Environmental justice means the just treatment and meaningful involvement of all people, regardless of income, race, color, national origin, Tribal affiliation, or disability, in agency decision making and other Federal activities that affect human health and the environment so that people:
- Are fully protected from disproportionate and adverse human health and environmental effects (including risks) and hazards, including those related to climate change, the cumulative impacts of environmental and other burdens, and the legacy of racism or other structural or systemic barriers; and
- Have equitable access to a healthy, sustainable, and resilient environment in which to live, play, work, learn, grow, worship, and engage in cultural and subsistence practices.
The proposed regulations would also add new, stronger requirements for monitoring and enforcing any conservation measures included in a final NEPA plan. This is another significant improvement given that many NEPA documents include promises to enact conservation measures but lack meaningful oversight once the plan is in place.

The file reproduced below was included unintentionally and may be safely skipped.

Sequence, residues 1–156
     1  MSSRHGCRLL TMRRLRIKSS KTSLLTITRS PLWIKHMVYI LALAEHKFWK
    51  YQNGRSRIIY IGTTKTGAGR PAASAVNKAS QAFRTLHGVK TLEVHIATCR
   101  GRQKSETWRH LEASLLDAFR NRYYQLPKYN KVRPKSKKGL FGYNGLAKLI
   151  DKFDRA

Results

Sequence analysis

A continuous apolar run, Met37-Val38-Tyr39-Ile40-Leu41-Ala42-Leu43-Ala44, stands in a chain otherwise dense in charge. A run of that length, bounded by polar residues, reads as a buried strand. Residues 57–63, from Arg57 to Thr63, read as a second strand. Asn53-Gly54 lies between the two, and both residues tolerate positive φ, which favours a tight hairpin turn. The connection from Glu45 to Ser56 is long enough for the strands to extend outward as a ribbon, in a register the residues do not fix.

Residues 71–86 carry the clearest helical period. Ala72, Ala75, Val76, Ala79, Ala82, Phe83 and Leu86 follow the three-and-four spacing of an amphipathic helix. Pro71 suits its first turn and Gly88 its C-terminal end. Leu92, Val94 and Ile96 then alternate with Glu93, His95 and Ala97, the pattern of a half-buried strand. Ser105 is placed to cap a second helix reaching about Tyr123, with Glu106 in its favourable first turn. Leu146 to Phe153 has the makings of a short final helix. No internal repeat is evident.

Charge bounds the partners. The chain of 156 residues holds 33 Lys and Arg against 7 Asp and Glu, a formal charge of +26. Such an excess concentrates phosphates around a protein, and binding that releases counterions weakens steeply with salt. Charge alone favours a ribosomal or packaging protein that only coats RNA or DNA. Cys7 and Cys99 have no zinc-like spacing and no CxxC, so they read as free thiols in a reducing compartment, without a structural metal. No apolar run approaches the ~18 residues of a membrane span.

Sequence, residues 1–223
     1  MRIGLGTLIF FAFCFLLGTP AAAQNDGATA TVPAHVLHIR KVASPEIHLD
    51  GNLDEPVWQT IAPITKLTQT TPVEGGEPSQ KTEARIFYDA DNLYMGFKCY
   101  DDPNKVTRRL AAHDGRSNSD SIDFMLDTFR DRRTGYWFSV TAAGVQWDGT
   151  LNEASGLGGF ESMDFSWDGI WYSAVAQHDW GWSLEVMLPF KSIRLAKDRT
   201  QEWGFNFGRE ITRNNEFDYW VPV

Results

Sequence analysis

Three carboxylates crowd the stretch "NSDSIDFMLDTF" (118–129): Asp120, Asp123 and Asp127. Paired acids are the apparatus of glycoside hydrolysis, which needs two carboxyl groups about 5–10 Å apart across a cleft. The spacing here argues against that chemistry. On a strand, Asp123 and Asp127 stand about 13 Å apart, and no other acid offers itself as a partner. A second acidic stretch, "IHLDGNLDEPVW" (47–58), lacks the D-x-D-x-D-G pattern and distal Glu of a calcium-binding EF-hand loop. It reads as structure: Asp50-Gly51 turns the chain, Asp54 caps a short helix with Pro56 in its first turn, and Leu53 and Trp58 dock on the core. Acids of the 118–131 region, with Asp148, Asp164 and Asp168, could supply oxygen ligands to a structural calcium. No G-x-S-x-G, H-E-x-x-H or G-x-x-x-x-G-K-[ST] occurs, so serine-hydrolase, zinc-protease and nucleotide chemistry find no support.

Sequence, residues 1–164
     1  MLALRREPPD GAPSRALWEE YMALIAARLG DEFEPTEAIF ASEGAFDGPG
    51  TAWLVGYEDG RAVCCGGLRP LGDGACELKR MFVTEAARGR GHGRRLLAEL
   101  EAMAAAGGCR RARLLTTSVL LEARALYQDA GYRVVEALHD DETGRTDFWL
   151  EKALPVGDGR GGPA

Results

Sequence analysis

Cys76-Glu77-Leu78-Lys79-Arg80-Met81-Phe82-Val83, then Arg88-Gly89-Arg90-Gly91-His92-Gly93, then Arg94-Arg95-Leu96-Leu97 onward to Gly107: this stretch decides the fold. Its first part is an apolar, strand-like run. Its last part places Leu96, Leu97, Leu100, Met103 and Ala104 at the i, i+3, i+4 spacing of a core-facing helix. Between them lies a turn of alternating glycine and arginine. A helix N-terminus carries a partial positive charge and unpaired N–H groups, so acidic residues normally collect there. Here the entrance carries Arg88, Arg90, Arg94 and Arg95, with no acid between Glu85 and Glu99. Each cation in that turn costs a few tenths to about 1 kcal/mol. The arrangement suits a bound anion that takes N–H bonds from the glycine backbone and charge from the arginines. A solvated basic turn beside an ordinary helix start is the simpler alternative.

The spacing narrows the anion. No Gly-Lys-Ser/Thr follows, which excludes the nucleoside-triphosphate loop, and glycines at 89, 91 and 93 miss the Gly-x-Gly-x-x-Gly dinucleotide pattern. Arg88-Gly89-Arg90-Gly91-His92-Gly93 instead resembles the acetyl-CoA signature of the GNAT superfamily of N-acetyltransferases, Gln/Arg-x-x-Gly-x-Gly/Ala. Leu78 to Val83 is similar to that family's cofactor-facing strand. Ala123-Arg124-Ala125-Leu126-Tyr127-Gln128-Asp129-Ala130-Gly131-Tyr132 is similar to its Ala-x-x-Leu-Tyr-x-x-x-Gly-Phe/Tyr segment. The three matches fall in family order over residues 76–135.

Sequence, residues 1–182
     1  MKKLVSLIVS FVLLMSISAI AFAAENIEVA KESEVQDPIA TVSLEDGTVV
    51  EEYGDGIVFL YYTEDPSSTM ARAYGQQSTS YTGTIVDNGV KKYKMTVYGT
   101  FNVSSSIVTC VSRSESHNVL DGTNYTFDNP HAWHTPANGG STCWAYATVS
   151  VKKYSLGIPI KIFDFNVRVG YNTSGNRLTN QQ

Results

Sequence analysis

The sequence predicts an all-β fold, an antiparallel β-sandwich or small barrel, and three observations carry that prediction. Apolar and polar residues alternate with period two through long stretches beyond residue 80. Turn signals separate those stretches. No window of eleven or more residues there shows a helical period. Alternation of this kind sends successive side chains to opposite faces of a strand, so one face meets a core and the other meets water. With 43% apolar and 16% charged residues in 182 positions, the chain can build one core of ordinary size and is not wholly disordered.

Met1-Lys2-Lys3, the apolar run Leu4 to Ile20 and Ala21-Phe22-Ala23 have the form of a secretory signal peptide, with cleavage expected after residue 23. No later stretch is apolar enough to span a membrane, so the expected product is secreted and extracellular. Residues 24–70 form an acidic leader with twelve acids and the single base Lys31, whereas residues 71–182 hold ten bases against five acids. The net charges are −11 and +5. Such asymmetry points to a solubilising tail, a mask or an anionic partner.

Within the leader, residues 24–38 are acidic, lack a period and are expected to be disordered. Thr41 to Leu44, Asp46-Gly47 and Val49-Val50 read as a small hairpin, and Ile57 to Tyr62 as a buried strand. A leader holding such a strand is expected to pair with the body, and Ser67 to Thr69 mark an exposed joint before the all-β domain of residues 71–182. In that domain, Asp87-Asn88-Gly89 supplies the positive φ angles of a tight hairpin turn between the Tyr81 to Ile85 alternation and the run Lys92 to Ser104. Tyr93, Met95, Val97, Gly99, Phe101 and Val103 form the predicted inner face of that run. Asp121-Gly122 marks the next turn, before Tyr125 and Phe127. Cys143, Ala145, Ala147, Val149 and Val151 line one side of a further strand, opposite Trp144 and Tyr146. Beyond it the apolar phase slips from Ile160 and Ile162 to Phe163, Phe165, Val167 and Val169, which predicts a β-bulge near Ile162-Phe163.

Finally, the Council on Environmental Quality released guidance in January directing federal agencies to account for greenhouse gas emissions from proposed actions through the NEPA process, including the appropriate use of the social cost of greenhouse gases. A description of that guidance can be found here. The Administration is seeking public comment on whether to formally incorporate that guidance into the NEPA regulations.
UCS welcomed the greenhouse gas emissions guidance when it was published and including it in the final version of the latest NEPA rules would be a positive step to ensure that climate impacts are appropriately accounted for in projects.
Changing the way NEPA is applied to better account for climate change, more fully assess environmental justice concerns, and require better enforcement and monitoring are overdue but welcome improvements to the regulations. The goal of productive harmony between people and nature remains both worthy and remote, particularly as millions of Americans suffer through yet another climate-fueled Danger Season. Hopefully, this latest NEPA volley will be a winner.